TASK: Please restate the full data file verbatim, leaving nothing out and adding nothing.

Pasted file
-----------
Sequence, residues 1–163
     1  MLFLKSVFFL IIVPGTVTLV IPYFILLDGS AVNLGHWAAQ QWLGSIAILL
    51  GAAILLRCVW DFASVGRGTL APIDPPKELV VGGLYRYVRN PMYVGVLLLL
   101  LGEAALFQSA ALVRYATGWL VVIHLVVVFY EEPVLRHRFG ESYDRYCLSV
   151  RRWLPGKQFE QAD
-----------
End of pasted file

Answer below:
Sequence, residues 1–163
     1  MLFLKSVFFL IIVPGTVTLV IPYFILLDGS AVNLGHWAAQ QWLGSIAILL
    51  GAAILLRCVW DFASVGRGTL APIDPPKELV VGGLYRYVRN PMYVGVLLLL
   101  LGEAALFQSA ALVRYATGWL VVIHLVVVFY EEPVLRHRFG ESYDRYCLSV
   151  RRWLPGKQFE QAD